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Monday, July 14, 2014

The Vertical Set and Carolina's Pass Protection

One of the biggest offensive changes of 2013 went fully unnoticed, with
a single blip against Buffalo its only real telltale sign.

Carolina, like essentially the whole league, used a kick-slide technique
with their tackles, a modestly reacting set of steps designed to push
the contain rusher outward. It's the essence of what makes a passing
pocket. It's stanrard.

And yet, last year, Carolina's tackles went to the Vertical Set. It's
a staple of many spread type teams, and certainly more reactive - it
resets the line of scrimmage to, if I were to guess, about as far as the
OT is willing to retreat , where he anchors and strikes the defender.
The rusher, on the other hand, has less time to react, can't get his
hands on the OT until late, and therefore there's even less time to make
a move. You really can't be beaten outside easily, the inside is
compact, and the OT has leverage.

In theory.

Byron Bell struggled heavily with the vertical set against Mario
Williams, which is what got it noticed in the first place. Eventually
he settled down - and Jordan Gross rode it to a Pro Bowl. For what it's
worth, the strategy can work - both Gross and Bell rated very, very high
with two seconds to throw (source: ). Gross excelled throughout, rating high deeper in time, but nonetheless, the Vertical Set can provide you a little extra time.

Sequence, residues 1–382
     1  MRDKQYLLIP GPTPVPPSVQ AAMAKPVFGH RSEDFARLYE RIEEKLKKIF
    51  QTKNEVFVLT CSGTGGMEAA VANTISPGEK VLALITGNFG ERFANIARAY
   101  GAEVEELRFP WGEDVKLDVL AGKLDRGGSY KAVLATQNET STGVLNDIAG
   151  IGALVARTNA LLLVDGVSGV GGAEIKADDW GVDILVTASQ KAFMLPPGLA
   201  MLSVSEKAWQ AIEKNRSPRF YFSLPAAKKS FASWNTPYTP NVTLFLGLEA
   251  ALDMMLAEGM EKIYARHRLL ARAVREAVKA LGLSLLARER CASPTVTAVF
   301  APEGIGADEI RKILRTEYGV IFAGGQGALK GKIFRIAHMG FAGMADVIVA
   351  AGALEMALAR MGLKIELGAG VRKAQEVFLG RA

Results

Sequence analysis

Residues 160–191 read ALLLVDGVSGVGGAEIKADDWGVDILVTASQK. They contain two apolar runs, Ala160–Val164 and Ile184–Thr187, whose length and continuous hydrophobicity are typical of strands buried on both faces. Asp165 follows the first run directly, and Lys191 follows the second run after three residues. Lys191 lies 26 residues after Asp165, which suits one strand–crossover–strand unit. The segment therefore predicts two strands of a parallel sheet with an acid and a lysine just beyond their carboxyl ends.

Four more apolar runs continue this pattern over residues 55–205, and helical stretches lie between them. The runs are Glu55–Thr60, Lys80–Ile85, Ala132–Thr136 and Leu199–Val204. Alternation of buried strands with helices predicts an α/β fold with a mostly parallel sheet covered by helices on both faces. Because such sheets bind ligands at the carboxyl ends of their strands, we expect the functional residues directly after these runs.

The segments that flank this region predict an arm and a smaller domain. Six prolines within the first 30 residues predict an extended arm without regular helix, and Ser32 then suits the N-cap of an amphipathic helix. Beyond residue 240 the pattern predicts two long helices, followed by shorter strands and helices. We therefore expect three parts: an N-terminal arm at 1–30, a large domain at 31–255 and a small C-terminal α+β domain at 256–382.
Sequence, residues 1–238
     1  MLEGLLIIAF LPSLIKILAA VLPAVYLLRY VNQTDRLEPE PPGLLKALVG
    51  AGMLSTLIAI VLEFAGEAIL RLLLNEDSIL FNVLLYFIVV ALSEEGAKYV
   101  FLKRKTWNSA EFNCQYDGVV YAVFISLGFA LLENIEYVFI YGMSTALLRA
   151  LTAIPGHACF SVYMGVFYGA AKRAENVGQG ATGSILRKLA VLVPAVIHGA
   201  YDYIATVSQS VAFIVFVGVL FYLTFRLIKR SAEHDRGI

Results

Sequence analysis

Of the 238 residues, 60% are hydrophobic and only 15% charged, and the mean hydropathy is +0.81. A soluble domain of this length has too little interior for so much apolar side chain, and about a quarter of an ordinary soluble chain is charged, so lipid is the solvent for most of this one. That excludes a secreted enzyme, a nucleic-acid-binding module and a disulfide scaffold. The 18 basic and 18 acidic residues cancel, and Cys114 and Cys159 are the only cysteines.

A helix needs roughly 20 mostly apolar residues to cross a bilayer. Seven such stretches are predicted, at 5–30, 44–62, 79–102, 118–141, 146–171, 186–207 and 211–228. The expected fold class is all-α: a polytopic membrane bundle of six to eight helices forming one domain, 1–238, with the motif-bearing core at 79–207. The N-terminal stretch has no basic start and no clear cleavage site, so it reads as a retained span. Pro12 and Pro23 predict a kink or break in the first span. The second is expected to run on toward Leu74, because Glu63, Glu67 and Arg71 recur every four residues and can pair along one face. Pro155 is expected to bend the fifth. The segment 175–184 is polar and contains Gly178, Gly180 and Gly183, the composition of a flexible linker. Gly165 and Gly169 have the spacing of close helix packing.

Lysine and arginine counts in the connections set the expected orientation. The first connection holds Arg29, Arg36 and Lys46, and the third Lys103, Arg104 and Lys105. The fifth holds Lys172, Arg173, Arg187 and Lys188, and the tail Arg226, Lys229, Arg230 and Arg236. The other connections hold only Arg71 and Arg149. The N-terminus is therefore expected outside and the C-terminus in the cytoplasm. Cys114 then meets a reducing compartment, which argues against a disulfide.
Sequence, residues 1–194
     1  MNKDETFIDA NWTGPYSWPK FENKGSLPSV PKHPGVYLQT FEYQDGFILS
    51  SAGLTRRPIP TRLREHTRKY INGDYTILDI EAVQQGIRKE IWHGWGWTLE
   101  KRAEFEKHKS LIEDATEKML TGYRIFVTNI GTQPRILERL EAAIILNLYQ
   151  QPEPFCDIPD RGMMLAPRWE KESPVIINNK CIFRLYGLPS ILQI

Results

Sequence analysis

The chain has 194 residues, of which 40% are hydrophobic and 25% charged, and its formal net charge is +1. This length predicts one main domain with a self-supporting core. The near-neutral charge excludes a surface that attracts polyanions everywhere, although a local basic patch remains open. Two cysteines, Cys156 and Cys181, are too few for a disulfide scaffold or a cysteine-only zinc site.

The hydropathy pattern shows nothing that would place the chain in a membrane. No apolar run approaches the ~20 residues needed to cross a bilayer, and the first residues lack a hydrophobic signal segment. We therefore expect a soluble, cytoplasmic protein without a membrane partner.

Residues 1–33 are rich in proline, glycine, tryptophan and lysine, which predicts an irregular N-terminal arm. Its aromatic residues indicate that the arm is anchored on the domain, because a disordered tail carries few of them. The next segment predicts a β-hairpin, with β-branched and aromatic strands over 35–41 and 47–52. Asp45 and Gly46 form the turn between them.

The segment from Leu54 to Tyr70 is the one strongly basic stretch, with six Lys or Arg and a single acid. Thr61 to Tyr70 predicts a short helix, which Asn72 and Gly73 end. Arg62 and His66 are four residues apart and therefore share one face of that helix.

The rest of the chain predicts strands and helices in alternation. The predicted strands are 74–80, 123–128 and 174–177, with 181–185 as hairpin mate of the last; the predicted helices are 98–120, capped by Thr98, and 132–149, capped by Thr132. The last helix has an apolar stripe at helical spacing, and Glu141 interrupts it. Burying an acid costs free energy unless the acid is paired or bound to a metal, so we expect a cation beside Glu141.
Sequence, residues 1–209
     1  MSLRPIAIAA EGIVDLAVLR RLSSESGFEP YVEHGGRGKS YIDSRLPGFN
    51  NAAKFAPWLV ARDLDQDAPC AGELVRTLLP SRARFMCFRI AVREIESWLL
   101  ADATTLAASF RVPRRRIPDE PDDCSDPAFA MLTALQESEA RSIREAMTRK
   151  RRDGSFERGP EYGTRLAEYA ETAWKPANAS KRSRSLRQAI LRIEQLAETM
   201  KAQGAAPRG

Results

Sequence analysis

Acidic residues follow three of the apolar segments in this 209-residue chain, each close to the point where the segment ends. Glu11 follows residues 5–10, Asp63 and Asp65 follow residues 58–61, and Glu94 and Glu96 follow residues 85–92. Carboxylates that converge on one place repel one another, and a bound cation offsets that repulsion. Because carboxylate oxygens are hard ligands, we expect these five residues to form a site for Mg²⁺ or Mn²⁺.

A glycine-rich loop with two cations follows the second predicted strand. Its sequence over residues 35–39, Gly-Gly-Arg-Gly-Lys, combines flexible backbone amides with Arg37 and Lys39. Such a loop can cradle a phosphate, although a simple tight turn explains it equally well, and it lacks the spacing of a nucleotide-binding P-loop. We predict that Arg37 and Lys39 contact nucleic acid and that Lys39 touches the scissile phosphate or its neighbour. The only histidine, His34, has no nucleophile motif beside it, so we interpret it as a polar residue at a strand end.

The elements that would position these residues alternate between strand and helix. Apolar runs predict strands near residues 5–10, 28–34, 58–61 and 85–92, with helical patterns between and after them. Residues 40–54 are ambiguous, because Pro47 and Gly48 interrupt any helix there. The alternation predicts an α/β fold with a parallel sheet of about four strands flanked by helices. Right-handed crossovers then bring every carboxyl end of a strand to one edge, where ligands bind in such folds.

2014 will show whether it's a matter of the talent or the scheme, since
Gross and Travelle Wharton (rated high as well at guard) are gone. Bell
and Nate Chandler are the top two, though it's hard to say where Garry
Williams ends up.

I'll fully cover the line soon, possibly tomorrow, but I found the
Vertical Set quite interesting, and more info can be found at various
college football strategy sites, such as:

This is another reason to further the argument that the LT isn't
necessarily the most important lineman. The center makes the calls,
and the two tackles hold the edges. I can't find one more critical than
the others.

I'll push that a step further - Carolina was in shotgun about 74.5% of
the time last year, and that was considered "average" by statisticians With the gun, you're not taking these huge
sideways strides to get to throwing position. So if your shoulders are
generally more square, the entire time, is there really a 'blind side'
at all?
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